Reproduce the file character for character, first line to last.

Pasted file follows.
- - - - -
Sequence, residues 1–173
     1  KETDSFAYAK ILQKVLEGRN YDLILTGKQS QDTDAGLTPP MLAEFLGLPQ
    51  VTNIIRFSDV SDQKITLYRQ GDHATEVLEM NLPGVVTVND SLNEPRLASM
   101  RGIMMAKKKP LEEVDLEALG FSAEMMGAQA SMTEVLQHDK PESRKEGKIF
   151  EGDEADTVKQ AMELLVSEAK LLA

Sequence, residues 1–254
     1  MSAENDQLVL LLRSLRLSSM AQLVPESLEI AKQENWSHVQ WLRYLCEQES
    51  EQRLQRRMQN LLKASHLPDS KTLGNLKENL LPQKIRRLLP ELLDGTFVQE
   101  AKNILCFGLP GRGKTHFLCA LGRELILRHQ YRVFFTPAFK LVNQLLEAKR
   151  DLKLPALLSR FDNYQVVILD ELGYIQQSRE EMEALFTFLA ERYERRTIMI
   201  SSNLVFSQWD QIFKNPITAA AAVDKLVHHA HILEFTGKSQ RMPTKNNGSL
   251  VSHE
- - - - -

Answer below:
Sequence, residues 1–173
     1  KETDSFAYAK ILQKVLEGRN YDLILTGKQS QDTDAGLTPP MLAEFLGLPQ
    51  VTNIIRFSDV SDQKITLYRQ GDHATEVLEM NLPGVVTVND SLNEPRLASM
   101  RGIMMAKKKP LEEVDLEALG FSAEMMGAQA SMTEVLQHDK PESRKEGKIF
   151  EGDEADTVKQ AMELLVSEAK LLA

Sequence, residues 1–254
     1  MSAENDQLVL LLRSLRLSSM AQLVPESLEI AKQENWSHVQ WLRYLCEQES
    51  EQRLQRRMQN LLKASHLPDS KTLGNLKENL LPQKIRRLLP ELLDGTFVQE
   101  AKNILCFGLP GRGKTHFLCA LGRELILRHQ YRVFFTPAFK LVNQLLEAKR
   151  DLKLPALLSR FDNYQVVILD ELGYIQQSRE EMEALFTFLA ERYERRTIMI
   201  SSNLVFSQWD QIFKNPITAA AAVDKLVHHA HILEFTGKSQ RMPTKNNGSL
   251  VSHE